In this post, which continues Currying by using zippers and an allusion to the Cartesian Theater, I want to explain how we may pack and unpack two arrows into one, in the realm of graphic lambda calculus. An algebrization of graphic lambda calculus may be deduced from this, but one step of it, namely enumerating arbitrarily the nodes of a graph in , suffers from the same cartesian disease which was exposed in the previously mentioned post. But nevermind, it is at least funny to show that the usual ways of CS thinking may be used to transform this apparently more general frame of graphic lambda calculus into a 1D string submitted to local algebraic manipulations.

We start from the following sequence of three graphic beta moves.

With words, this figure means: we pack the 1, 2, entries into a list, we pass it trough one arrow then we unpack the list into the outputs 3, 4. This packing-unpacking trick may be used of course for more than a pair of arrows, in obvious ways, therefore it is not a restriction of generality to write only about two arrows.

We may apply the trick to a pair of graphs in , call them and , which are connected by a pair of arrows, like in the following figure.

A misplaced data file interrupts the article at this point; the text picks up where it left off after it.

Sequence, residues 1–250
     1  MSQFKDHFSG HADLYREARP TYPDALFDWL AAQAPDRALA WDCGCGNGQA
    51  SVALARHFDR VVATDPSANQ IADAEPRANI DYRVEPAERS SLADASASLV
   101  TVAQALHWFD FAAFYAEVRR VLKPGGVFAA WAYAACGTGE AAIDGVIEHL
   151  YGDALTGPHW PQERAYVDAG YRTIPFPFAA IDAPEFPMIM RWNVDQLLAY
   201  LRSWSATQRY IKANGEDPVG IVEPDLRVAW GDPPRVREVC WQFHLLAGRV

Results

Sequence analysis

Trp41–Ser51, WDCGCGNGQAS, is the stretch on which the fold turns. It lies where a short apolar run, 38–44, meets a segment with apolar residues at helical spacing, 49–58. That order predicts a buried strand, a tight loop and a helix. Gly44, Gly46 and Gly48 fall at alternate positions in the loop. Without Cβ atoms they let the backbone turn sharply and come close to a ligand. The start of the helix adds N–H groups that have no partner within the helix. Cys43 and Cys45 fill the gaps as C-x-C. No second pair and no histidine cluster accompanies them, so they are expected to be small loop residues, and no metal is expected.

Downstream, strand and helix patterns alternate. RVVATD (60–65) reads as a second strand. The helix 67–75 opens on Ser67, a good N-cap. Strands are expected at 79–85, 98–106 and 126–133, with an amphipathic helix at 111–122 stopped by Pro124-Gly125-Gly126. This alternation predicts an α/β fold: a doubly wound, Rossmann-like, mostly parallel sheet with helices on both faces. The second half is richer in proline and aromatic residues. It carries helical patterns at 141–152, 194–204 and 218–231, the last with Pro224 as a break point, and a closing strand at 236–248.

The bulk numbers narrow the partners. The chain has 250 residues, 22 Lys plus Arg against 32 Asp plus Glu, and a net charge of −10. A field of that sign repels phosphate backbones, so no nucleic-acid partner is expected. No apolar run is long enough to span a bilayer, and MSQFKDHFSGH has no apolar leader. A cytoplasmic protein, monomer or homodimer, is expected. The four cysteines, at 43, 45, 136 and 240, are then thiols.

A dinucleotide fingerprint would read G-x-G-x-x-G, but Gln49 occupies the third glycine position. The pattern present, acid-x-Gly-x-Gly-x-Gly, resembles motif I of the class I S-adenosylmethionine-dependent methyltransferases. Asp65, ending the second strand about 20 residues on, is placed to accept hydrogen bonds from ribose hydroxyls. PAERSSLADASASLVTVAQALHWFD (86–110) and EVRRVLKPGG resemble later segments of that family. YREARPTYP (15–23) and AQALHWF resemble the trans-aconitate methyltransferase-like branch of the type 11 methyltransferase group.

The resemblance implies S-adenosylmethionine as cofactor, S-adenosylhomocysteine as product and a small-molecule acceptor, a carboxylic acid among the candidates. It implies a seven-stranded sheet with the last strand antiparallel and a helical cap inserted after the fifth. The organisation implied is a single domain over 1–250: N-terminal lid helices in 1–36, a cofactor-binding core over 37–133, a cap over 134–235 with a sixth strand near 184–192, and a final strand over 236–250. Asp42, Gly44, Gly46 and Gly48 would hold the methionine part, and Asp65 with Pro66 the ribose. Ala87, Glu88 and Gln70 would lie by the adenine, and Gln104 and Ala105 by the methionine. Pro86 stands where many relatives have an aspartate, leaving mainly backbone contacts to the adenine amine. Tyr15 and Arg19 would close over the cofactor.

With the added packing and unpacking triples of gates, the graphs , are interacting only by the intermediary of one arrow.

In particular, we may use this trick for the elementary gates of abstraction and application, transforming them into graphs with one input and one output, like this:

Let’s look now at the graphic beta move:

If we use the elementary gates transformed into graphs with one input and one output, the move becomes this almost algebraic, 1D rule:

Finally, the packing-unpacking trick described in the first figure becomes this:

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How much literature exist on details of the beta move? It looks like an information compression/decompression algorithm…

For the beta move search for untyped lambda calculus. The graphic beta move is mine, as well as this graphic lambda calculus, see the tutorial on this blog.